Thus “Spectre d’un songe” is very much a unique composition. The problem is that the music is not particularly compelling. One reason may be that Courvoisier never really created a thematic repertoire that would stand on its own merits without any explicit nods to Stravinsky. To be fair, such an undertaking is clearly a tall order; and, at the very least, Courvoisier deserves points for trying. However, when one listens to her music in the wake of Stravinsky’s score (the first two tracks on the album), it is clear that she could never set her own bar high enough.

Personally, I am more that happy with how Courvoisier and Smyth play the first two tracks of the album. I have been giving both piano versions of the ballet score considerable time, going all the way back to October of 2009, when I heard the ZOFO duo play the single-keyboard version. The Courvoisier-Smyth version is right up there with other four-hand and two-piano performances I have encountered for over a decade. However, if Courvoisier wishes to exercise her own chops as a composer, I suggest that she do so in a way that will avoid even a remote association with Stravinsky!

Britten’s “War” Requiem Setting Returns to SFS

Ruins of Coventry Cathedral created by German bombing during WWII (photograph by Andrew Walker, from Wikimedia Commons, licensed under the Creative Commons Attribution-Share Alike 3.0 Unported license)

Last night in Davies Symphony Hall I experienced my second encounter with a performance by the San Francisco Symphony (SFS) of Benjamin Britten’s Opus 66 War Requiem. Composed in 1961, the music had been commissioned for the consecration of the rebuilt Coventry Cathedral, which had been destroyed by German bombing in 1940. That consecration took place in Coventry on May 30, 1962; and the “original cast” recorded the work in a Decca Records studio in January of 1963.

As was the case for most of his other recordings, Britten conducted the recording sessions. The soloists were (as they had been at Coventry) soprano Galina Vishnevskaya, tenor Peter Pears, and baritone Dietrich Fischer-Dieskau. The choral resources combined the Bach Choir with the London Symphony Chorus. David Willcocks serves as chorus master. The passages for boy choir were sung by the Highgate School Choir under the direction of Edward Chapman. They were accompanied by organist Simon Preston. The instrumental resources combined a one-to-a-part chamber orchestra, performed by the Melos Ensemble, with the London Symphony Orchestra.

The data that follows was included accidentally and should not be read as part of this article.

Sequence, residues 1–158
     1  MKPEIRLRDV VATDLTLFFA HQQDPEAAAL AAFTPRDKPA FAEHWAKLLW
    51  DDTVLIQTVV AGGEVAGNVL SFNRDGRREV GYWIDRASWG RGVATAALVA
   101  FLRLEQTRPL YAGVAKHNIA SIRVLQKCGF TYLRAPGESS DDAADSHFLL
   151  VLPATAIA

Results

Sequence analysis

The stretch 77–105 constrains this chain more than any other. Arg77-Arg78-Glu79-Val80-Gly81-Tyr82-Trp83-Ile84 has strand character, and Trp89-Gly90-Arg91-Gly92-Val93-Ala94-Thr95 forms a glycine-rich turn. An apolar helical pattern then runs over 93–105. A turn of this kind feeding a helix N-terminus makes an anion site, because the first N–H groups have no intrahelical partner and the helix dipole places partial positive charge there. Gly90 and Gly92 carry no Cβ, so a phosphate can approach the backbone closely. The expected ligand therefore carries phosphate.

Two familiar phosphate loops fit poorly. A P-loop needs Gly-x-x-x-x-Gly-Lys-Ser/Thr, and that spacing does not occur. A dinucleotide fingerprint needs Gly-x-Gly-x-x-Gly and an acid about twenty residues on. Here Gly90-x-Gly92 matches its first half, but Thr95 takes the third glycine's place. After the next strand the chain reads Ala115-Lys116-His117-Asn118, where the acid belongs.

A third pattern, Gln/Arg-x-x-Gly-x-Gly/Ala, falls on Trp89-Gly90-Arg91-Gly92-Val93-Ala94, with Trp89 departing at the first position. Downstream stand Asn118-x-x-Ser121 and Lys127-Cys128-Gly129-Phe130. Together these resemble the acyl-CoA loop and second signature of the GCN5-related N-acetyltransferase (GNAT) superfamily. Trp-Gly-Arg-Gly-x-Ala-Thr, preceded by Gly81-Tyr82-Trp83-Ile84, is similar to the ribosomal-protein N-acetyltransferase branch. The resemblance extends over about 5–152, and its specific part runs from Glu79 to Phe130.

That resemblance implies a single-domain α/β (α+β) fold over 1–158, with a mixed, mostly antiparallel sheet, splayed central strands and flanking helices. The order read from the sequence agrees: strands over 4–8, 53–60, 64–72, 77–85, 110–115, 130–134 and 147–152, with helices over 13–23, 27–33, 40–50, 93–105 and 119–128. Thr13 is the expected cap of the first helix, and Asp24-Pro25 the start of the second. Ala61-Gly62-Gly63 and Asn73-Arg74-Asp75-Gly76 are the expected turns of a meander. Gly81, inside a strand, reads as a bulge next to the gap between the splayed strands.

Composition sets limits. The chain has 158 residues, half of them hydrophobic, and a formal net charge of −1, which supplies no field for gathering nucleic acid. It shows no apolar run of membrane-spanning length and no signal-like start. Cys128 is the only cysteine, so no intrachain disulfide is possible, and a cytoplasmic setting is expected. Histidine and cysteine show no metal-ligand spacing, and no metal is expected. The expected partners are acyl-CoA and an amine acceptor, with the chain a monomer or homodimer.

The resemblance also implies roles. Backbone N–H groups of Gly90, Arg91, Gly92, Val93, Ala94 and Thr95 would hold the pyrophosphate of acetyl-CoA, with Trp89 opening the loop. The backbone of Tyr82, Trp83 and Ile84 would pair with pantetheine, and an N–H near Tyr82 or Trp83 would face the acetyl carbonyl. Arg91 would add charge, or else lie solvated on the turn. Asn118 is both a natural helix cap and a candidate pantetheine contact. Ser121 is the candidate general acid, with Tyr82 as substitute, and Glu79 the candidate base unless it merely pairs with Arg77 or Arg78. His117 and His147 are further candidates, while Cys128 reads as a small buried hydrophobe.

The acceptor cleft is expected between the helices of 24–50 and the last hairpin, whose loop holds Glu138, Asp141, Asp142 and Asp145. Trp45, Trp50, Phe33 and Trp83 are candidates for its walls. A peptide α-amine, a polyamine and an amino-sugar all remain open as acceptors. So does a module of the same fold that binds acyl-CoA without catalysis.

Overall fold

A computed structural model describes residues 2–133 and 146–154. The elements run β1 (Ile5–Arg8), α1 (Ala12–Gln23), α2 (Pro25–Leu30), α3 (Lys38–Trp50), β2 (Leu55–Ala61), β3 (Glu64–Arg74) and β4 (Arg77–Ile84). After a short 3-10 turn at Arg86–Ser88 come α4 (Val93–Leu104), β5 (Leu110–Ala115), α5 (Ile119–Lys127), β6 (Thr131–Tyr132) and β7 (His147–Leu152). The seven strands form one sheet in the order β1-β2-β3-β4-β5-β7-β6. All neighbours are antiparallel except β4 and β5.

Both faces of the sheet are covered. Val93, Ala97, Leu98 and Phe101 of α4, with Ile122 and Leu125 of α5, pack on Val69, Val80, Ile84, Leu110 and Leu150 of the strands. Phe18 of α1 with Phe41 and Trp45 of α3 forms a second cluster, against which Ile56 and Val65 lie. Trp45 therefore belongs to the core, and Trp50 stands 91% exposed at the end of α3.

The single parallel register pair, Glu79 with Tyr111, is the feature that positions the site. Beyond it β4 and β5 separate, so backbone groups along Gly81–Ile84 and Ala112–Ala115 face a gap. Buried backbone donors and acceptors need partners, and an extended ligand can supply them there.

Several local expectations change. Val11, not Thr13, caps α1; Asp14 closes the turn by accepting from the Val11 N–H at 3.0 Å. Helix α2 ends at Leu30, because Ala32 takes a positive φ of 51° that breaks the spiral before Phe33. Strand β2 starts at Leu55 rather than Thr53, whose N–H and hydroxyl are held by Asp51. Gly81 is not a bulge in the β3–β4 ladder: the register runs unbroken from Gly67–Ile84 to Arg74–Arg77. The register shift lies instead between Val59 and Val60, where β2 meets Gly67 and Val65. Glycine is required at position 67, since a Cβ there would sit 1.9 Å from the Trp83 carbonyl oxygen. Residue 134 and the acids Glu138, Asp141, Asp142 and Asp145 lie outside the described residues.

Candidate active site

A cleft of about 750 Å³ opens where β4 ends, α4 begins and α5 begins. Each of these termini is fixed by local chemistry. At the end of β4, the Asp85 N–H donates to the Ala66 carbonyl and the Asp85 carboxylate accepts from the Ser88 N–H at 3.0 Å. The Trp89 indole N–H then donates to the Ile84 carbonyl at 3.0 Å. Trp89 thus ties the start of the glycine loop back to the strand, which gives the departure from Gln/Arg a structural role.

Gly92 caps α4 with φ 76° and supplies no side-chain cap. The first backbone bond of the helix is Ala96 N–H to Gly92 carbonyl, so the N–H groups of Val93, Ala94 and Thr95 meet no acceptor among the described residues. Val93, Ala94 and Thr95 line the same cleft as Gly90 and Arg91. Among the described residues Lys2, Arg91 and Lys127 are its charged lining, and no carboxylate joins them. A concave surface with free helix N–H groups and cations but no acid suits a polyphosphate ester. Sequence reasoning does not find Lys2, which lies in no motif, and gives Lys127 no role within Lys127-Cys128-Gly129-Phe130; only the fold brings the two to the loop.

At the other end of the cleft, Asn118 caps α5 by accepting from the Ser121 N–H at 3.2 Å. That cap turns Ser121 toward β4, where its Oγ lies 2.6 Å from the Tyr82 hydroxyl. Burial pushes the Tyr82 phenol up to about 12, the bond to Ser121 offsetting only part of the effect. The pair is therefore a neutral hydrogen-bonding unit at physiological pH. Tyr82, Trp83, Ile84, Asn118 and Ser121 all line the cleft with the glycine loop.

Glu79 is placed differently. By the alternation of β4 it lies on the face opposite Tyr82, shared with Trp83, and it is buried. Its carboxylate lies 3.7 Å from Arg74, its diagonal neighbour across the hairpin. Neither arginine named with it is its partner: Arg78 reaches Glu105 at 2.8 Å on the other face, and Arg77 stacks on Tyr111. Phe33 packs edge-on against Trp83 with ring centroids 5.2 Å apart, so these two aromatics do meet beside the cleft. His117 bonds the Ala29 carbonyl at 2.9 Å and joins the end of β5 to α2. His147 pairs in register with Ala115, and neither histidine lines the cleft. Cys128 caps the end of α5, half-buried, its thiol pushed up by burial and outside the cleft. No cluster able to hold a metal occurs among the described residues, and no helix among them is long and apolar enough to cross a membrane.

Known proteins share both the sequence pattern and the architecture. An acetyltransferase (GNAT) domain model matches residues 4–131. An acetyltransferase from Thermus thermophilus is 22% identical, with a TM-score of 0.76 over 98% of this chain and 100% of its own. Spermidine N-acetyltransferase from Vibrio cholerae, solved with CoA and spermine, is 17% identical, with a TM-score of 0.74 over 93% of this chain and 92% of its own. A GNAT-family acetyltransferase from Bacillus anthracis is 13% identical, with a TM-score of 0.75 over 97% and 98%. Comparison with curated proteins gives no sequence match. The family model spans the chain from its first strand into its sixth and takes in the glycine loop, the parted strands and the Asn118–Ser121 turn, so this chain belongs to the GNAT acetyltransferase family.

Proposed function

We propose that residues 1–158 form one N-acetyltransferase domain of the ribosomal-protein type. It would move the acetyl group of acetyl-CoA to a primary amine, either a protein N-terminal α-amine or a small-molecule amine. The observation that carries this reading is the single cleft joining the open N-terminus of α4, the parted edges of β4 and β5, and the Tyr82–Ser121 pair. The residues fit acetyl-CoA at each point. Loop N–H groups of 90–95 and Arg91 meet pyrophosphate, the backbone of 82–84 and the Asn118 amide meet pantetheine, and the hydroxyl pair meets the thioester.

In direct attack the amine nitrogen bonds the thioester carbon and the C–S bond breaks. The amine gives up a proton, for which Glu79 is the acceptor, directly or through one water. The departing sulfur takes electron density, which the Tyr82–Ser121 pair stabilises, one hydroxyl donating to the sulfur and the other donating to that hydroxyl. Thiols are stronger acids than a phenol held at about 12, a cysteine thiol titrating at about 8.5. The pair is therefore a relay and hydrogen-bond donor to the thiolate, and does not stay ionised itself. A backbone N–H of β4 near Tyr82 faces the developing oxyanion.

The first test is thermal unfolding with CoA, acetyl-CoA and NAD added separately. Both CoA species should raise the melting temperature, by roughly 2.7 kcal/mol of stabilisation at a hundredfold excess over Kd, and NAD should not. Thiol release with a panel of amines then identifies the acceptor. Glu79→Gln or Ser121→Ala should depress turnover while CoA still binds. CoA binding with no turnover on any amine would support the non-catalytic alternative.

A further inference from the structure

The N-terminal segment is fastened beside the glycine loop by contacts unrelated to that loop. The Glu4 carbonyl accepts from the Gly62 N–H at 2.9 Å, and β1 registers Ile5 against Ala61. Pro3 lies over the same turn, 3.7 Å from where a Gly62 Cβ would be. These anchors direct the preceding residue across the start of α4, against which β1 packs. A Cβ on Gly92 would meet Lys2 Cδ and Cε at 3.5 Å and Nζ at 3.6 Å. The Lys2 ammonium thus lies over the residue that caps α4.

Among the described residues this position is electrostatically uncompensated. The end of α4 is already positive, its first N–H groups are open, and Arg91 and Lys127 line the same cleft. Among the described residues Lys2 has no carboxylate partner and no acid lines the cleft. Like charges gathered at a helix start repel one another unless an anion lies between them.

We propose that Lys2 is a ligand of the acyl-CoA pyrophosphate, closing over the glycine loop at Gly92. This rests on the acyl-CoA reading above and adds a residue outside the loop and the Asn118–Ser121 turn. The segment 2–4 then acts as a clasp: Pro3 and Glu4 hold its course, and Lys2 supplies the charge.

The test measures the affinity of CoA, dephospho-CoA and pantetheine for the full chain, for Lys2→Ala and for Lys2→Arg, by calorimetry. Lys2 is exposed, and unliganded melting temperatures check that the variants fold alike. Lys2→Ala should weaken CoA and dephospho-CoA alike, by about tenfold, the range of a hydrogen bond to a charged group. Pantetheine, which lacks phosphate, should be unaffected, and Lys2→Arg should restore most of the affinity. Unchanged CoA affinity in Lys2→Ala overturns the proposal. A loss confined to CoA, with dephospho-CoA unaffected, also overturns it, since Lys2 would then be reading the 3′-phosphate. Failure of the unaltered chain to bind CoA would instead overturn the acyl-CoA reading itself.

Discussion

The libretto combined the Latin text for the Requiem with selected poems by Wilfred Owen. Owen was a poet that fought in the First World War. The cover page of Britten’s score included the following passage by Owen:

My subject is War, and the pity of War.
The Poetry is in the Pity…
All a poet can do today is warn.

He was killed in action at the age of 25 on November 4, 1918, a week before the Armistice of 11 November 1918.

The Requiem text served as the “spinal cord” of Britten’s composition. The settings of the Latin text were for performance by the full orchestra, soprano soloist, and boy choir. Interleaved among the movements were settings of Owen’s poems performed by the two male soloists along with the chamber orchestra. I suspect that it was not coincidence that one of those soloists was British and the other was German.

For quite some time, the original recording was the only available account of a performance of Britten’s Opus 66. While it had the virtue of being a premiere, there were noticeable flaws in the “casting.” Fischer-Dieskau was not always comfortable with the English language; and some of his deliveries are peculiar (to say the least). Even more problematic, however, was that Vishnevskaya had absolutely no command of Latin; and her mispronunciations became a joke among those familiar with the recording.

Fortunately, there have been several “post-Britten” recordings on which the vocal work is more faithful to the delivery of the text. Furthermore, Opus 66 was added to the SFS repertoire in April of 1969. Prior to this week’s performances, the work was last presented in November 2013 with visiting conductor Semyon Bychkov. The conductor for this week’s performances is Philippe Jordan; and the vocal soloists are soprano Jennifer Holloway, tenor Ian Bostridge, and baritone Brian Mulligan. Joshua Habermann served as guest director of the SFS Chorus, and the Ragazzi Boys Chorus was led by Artistic and Executive Director Kent Jue.

To the extent that the entire score has been etched into my memory ever since I played the original vinyl release to death, I have to say that Jordan’s leadership provided the most satisfying account of Britten’s score that I have ever encountered. The chamber orchestra was situated where the cellos were usually located, giving just about everyone in the audience an excellent view of their performance. The Chorus was up in the Terrace with Holloway sitting front-and-center. The Boys Chorus sounded as if it was coming from the 2nd Tier, remote but consistently clear. The interplay between the male vocalists and the chamber musicians was consistently razor-sharp; and the limited resources underscored the poignancy of Owen’s texts (which seldom required viewing of the projected titles).

Only two performances remain, both at 7:30 p.m. tonight and tomorrow; and this is a performance that definitely should not be missed.